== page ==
This brief piece explains why all ethical judgments are essentially nonsense. Since ethical judgments are based on absolute standards, which themselves are independent of all other standards, they are neither rational nor irrational. Therefore ethics as the philosophy of morality is a useless passion, and does not have anything to do with truth or falsehood.
A clever person may be tempted to ask whether any of the above true.
No, these statements are issued from the Moebius strip of sense, of meaning, and frames the condition of the possibility of significance, which is at the same time also the condition of the impossibility of sense, and borders sense from nonsense, meaningfulness from meaninglessness.
Ethical values, such as the meaning of life or happiness, are not empirical values but transcendental ones.
It is easy to confuse absolute values with relative values, for the latter are “relative” to some other standard: i.e., utility which fulfills some purpose, or beauty which fulfills some aesthetical principle. Yet, all relative values are actually matters of fact in new clothes.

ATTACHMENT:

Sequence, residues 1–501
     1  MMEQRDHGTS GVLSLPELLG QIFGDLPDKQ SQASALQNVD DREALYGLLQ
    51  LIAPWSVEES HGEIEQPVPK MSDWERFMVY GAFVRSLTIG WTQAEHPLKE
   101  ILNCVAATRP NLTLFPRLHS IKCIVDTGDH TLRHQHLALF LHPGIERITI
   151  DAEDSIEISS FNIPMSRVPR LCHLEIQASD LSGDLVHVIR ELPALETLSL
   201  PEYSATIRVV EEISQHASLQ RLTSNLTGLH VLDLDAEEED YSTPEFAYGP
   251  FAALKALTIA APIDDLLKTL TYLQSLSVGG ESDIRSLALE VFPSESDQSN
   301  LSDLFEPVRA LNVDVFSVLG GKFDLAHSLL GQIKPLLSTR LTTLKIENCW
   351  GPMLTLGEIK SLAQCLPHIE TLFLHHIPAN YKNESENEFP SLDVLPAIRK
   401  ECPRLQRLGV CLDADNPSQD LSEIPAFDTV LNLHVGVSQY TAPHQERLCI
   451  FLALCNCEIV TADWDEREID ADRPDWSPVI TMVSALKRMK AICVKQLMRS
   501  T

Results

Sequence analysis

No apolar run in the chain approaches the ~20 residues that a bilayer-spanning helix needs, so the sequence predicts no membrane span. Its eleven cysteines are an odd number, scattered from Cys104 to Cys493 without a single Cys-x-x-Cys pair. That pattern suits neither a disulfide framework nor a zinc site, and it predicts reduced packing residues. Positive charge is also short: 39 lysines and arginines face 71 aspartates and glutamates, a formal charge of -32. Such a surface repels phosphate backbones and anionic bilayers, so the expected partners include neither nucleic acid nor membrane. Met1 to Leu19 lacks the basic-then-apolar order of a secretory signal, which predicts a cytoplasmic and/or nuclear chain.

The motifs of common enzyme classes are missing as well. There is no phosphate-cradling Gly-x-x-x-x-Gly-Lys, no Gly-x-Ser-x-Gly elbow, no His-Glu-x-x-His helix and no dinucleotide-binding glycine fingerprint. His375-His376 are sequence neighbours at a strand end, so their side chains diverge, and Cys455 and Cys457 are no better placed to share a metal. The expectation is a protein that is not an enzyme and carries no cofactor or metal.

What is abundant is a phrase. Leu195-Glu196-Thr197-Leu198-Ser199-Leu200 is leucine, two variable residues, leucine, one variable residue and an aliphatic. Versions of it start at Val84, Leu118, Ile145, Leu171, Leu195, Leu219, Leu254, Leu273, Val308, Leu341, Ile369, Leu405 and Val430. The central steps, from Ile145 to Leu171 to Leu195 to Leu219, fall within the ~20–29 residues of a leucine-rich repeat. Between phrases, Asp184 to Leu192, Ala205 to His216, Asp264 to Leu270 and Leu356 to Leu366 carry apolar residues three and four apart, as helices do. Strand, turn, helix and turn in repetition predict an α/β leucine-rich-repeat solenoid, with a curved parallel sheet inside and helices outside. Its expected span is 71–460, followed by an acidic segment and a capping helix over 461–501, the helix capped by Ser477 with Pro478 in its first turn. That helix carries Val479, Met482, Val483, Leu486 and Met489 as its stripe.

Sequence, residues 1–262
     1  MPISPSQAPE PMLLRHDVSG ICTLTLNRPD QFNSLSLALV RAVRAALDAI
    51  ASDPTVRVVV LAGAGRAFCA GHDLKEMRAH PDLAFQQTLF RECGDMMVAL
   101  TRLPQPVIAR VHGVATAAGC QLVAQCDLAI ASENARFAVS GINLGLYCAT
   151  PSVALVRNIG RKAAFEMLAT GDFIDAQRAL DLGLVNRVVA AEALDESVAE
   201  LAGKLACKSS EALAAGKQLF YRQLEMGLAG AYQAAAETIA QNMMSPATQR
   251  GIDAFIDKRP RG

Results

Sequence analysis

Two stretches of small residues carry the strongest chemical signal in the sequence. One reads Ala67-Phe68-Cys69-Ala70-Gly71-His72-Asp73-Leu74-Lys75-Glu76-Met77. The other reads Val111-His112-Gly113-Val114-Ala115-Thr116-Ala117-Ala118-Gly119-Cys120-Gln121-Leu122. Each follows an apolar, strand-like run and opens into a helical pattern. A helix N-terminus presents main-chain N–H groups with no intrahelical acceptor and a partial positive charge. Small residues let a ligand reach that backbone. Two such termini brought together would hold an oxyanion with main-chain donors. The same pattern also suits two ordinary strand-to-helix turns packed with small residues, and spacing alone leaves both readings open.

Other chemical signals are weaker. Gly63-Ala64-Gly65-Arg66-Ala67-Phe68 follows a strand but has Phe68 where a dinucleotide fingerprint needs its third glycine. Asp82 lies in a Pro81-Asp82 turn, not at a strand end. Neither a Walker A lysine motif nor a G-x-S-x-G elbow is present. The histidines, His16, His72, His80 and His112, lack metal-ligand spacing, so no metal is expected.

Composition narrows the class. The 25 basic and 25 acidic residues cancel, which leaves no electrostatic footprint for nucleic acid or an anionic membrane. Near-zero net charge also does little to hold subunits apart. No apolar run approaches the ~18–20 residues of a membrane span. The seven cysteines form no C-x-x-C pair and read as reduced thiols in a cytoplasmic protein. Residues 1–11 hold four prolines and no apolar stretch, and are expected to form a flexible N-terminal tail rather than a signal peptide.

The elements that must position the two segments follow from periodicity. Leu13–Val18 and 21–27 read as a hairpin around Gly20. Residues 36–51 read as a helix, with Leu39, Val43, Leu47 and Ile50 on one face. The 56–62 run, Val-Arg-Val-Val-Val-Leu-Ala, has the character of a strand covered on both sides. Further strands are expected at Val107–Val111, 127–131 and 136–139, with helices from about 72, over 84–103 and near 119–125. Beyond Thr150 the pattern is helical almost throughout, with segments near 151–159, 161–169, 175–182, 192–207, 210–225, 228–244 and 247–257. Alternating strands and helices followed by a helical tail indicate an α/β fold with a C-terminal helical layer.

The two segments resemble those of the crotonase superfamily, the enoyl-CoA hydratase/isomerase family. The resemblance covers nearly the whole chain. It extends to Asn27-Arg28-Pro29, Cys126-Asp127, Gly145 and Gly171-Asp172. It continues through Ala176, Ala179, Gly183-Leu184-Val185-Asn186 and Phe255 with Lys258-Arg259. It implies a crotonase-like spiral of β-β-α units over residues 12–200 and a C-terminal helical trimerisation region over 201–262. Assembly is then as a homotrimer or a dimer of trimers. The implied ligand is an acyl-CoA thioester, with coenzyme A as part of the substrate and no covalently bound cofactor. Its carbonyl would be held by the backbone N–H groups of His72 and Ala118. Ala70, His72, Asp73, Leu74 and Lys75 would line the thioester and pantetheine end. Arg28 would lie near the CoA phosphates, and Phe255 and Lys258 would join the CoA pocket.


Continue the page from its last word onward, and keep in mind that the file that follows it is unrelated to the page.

Absolute values themselves resemble logical truths where the “truth” or “falsity” aren’t conditional, the same way how tautologies arre independent of what is the case. For something to be absolutely so, its truth or falsehood is unconditional, an absolutely valuable state.The reason why ethical judgments are nonsense, that they lack truth values, is because they are not statements that describe reality or some possible state of affairs. If it isn’t a statement describing a possible state of affairs, then it is neither true nor false. If a sentence is neither, then it is nonsense.